Azure Access Tiers in Azure storage

There are various types and nature of data we store in Azure storage. All kinds of blob data have different accessibility requirements. Sometimes data accessibility reduces over time, whereas accessibility remains the same for some blob data types. There is no point in paying the same price for data that is rarely being accessed or not accessed at all. Azure provides Access Tiers property to address such scenarios and optimize the cost on blobs with less accessibility.

Azure storage offers standard and premium options to create a storage account from a performance standpoint. If you choose the standard option (GPv2 storage) while making a storage account, this option will allow you to leverage three access tiers, i.e., Hot, Cool, and Archive, for a blob object. The Premium storage option doesn’t allow these options, and it is by default created with preconfigured access tier, which offers better performance and accessibility than the hot tier of the standard storage option. We can choose an appropriate access tier based on the frequency and nature of data accessibility.

We can only use two access tier options at the Azure storage account level, whereas all three access tier options can be used at the blob object level. If we upload any blob object to a storage account container, it inherits access tiers from the default access tier setting of the storage account in case you will not specify it for that blob. You can identify any blob object whether it is using an inherited default access tier or if its access tier has been modified. If a blob object has an access tier set with the word Inferred along with its access tier option like Hot (Inferred) or cool (Inferred), it means this setting is inherited from the default access tier of the storage account. If we change the access tier of the Azure storage account, then a new access tier will apply to all blobs using the inherited access tier having the inferred option.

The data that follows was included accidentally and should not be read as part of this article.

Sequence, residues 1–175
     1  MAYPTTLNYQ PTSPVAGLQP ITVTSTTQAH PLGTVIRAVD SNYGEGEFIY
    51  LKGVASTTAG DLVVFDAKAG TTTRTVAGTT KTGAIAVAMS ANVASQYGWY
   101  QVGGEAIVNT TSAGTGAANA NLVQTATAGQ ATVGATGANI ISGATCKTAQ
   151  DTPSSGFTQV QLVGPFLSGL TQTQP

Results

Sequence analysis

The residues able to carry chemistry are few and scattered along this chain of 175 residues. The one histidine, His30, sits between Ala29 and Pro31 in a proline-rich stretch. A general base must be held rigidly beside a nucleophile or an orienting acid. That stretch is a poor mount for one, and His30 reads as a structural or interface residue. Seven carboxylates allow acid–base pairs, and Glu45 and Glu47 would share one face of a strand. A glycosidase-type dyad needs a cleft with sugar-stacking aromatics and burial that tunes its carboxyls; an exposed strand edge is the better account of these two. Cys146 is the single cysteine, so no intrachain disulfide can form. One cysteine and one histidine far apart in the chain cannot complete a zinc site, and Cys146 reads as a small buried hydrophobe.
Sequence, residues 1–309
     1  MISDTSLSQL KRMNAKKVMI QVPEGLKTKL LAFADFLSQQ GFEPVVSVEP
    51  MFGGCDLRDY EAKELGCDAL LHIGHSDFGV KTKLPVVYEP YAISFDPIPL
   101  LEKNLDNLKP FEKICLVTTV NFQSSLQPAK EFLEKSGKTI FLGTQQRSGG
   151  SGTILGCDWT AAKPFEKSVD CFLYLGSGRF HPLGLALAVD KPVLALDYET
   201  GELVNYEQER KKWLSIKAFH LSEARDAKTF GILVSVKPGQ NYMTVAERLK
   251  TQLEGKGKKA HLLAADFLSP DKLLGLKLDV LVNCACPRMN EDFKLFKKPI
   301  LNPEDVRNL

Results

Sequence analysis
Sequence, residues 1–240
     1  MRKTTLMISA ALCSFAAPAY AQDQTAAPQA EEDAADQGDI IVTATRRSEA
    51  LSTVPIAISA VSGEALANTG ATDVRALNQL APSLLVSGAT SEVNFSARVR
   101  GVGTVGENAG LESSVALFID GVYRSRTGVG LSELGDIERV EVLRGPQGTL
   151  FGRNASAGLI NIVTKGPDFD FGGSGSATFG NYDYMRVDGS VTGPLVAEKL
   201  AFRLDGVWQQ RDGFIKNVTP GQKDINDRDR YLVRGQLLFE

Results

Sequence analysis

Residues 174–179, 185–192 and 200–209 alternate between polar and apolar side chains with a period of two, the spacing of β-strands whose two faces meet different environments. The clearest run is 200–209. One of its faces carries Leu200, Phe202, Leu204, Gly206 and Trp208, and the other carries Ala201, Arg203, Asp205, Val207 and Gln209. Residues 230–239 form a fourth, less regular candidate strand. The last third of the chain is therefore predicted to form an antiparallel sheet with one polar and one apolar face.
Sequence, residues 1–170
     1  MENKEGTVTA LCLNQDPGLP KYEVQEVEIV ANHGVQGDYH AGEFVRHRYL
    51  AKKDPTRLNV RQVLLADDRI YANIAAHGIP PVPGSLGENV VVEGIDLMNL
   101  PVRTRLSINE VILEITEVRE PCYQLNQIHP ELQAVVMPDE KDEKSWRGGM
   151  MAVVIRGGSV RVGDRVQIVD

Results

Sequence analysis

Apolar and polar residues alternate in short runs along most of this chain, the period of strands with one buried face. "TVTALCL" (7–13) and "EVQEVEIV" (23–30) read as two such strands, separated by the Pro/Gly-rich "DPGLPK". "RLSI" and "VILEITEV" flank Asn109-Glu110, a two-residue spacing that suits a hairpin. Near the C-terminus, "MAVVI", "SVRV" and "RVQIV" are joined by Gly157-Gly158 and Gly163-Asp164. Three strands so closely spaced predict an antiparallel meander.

Hot tier

You should use the hot tier if you need frequent data accessibility (read, write operations) with low latency. Most of the transactional workload uses this tier to get optimal performance. This tier will charge you the highest storage cost and lowest access cost among all three tiers.

Cool tier

This tier is suitable for infrequent data access requirements. It also gives good performance and durability. The pricing for this tier is lower than the hot tier for storage cost and higher than the hot tier for access cost. This tier is ideal for backups, DR, or unstructured data that are not frequently used. The minimum retention to store data in this tier is 30 days.

Archive tier

This tier is priced lowest for storage cost and highest for access cost among all three access tiers. This is suitable for blob data you occasionally use, like long-term backup retentions or any data you want to preserve that will not be used for longer. The data stored in this tier is in offline mode and cannot be read and modified. You need to rehydrate the data if you want to use it. The rehydration process may time a lot of time to serve you the actual data, so the performance is deficient in this tier. You can store data in achieve tier starting from 180 days onwards.

There are some limitations as well in the Archive tier. It does not support all types of redundancy options like Hot and Cool tiers. It does not support Zone-redundant storage (ZRS), Geo-zone-redundant storage (GZRS), and Read-Access Geo-Zone redundant storage (RA-GZRS). There is also one constraint in migrating redundant options from LRS to GRS; you can move to GRS if updates are done within the last 30 days, and you have not moved any blob to GRS since it was configured to LRS redundancy.

We can set an access tier while creating the Azure storage account and change it later after its creation. We have only two options, Hot and Cool access tiers at the account level. In contrast, the Archive access tier can be set only at the blob or object level, which I demonstrated in this article’s second last image. If you upload any blob to a container, it inherits the access tier from its respective storage account in case you explicitly do not change it during upload. Later we can change the access tier of any object or blob as per our requirement. Changing the access tier from hot to cold to achieve will charge you for reading and writing operations.